I have heard whispers at breed association meetings, from farriers and vets, and the infamous 56 Thoroughbred posts on social media.

Someone got sick; someone passed away, and now someone’s horses have no place to go.

End of life planning for horses is never an easy topic. But it’s one that came up in two recent interviews on HN Reads: authors Melanie Sue Bowles and Fran Severn both noted the importance of having a plan for our horses’ twilight years and our own.   

“The idea of ‘Well, we’ll just sell the horse, or we’ll give it away,’ that’s like a guarantee for an unhappy ending,” explained Fran Severn. Her new book, Rider of A Certain Age, discusses returning to horses later in life. Because our bodies change and get more fragile as we get older, planning for that reality is critical for the well-being of everyone involved.

While Fran brings an individual perspective, Melanie Sue Bowles brings in the larger equine community. She is the co-owner of Proud Spirit Horse Sanctuary, the country’s oldest privately-run horse rescue. Her new young adult novel Liberty Biscuit is named after two donkeys that often caused mischief at the facility.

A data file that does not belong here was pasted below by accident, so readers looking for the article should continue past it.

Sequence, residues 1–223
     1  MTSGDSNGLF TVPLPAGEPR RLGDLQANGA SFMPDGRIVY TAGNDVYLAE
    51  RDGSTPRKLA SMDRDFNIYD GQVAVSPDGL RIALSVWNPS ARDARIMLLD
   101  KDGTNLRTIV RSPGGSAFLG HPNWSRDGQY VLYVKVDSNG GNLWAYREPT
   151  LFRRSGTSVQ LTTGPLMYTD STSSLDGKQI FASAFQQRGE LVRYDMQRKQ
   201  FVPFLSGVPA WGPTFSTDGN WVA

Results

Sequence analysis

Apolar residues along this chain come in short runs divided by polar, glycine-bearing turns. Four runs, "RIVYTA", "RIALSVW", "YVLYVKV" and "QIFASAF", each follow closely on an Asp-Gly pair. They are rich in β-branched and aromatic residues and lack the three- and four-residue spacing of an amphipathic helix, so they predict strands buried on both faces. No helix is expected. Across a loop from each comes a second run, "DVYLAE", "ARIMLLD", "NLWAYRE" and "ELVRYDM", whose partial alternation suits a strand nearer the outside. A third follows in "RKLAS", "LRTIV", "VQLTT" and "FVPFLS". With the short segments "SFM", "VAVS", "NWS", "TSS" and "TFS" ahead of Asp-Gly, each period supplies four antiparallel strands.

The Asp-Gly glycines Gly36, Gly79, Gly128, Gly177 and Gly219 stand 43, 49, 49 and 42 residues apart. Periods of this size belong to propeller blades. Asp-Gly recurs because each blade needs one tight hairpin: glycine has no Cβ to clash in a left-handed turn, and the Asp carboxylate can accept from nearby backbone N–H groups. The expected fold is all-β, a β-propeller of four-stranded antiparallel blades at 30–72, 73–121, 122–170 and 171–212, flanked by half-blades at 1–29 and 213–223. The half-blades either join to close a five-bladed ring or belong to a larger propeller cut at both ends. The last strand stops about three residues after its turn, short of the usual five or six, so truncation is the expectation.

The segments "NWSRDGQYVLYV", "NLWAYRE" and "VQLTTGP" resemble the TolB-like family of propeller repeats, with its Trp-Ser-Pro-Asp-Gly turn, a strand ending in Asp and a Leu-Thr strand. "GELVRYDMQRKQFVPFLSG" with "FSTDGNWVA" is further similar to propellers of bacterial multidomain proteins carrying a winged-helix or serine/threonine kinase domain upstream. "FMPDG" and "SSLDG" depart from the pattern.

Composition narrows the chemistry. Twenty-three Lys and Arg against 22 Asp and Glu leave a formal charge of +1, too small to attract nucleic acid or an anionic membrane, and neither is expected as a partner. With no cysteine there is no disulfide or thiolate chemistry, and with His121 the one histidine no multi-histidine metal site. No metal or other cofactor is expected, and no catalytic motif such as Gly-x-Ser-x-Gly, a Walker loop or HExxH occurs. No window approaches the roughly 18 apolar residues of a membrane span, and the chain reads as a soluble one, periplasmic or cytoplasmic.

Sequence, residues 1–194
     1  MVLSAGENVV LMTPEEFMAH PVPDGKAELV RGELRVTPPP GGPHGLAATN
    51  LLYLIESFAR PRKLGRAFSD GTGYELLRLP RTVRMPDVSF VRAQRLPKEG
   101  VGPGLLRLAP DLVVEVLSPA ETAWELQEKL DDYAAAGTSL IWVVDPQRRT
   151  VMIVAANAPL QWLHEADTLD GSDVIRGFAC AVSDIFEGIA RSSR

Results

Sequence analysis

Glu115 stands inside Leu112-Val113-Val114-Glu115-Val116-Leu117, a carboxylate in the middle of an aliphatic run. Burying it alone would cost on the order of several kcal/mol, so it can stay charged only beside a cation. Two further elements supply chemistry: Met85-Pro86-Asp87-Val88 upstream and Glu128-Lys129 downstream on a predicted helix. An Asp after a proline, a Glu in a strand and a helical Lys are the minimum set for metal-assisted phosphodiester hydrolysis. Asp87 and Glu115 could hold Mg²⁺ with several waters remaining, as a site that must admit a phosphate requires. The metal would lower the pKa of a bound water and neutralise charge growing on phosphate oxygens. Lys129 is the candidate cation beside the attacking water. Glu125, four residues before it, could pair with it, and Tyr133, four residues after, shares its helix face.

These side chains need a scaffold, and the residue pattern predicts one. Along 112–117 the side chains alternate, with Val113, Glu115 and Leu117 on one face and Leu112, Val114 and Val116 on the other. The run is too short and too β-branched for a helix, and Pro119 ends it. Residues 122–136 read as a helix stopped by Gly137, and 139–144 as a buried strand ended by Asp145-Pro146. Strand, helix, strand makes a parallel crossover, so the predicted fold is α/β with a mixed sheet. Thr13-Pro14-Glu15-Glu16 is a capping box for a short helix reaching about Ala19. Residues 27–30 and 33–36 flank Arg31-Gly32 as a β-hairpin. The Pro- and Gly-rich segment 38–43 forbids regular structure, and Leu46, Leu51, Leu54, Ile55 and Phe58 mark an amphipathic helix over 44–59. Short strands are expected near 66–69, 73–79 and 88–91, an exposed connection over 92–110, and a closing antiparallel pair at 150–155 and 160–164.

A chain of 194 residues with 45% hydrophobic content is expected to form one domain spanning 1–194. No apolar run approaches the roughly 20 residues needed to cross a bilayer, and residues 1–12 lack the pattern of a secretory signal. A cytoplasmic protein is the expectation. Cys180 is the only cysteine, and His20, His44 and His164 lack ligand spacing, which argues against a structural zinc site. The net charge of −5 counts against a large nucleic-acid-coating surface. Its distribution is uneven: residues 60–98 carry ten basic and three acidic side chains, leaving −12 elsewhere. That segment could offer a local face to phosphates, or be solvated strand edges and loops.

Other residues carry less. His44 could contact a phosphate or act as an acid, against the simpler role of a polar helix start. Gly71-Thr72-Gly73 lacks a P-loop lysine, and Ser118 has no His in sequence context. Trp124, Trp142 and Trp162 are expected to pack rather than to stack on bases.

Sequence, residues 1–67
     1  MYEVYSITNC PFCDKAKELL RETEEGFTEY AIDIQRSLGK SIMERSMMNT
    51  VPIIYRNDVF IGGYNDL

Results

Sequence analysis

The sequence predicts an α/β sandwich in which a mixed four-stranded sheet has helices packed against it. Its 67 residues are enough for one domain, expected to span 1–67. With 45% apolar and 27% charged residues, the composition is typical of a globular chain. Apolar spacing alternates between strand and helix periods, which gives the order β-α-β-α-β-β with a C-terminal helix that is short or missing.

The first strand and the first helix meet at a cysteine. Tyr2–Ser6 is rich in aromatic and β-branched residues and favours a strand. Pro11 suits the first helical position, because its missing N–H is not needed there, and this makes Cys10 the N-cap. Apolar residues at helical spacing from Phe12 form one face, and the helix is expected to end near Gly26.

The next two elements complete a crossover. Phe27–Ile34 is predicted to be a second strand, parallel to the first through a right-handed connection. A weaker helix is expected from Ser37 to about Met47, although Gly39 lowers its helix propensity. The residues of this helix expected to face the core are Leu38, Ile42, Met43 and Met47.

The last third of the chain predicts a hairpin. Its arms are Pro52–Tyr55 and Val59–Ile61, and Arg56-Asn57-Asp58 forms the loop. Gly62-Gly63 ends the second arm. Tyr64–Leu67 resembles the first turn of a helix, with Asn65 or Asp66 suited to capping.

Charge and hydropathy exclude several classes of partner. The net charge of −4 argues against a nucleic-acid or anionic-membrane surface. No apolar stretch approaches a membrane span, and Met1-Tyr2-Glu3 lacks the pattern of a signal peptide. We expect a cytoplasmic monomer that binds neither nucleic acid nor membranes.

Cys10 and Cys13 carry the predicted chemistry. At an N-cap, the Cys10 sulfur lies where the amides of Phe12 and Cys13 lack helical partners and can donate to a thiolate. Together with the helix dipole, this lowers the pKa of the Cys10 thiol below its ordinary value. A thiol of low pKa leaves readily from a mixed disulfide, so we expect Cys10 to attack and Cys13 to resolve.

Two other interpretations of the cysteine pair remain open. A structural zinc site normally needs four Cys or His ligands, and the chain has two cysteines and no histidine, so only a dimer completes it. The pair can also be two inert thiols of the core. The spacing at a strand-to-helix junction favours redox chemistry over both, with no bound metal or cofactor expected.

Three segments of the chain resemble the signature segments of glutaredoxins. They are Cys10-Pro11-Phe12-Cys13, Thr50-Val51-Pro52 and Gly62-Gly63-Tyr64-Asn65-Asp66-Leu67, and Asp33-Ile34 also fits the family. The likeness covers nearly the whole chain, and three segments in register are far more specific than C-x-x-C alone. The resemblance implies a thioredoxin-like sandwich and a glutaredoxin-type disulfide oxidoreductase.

“‘My grandfather can’t take care of his horses anymore. He’s got four. Can you take them?’ Those kinds of calls were endless,” Bowles told me on a HN Reads as we discussed her 30 years of rescue work. “Organizations and sanctuaries are in overload. Where do you think elderly unrideable horses are going to go?”

Bowles said that these talks with people were never easy or straightforward and that they must be approached with compassion, kindness, and a keen sense of reality.

For me, these conversations have cemented the fact that it’s better to have an emergency plan you never use than face a crisis we were too afraid to think about.

Since speaking with those two authors, my horse-owning friends and I have had long conversations about end-of-life care for our animals and us. Who is going to make decisions for them if something happens to us? Where will they go if they can’t stay where they are? What do we want their end-of-life care to look like? Is there money set aside?

These are not comfortable conversations, but they do come with upsides. Of course, they gave us a plan for the future, but there is also something profoundly connecting about discussing such a vulnerable topic with people we trust.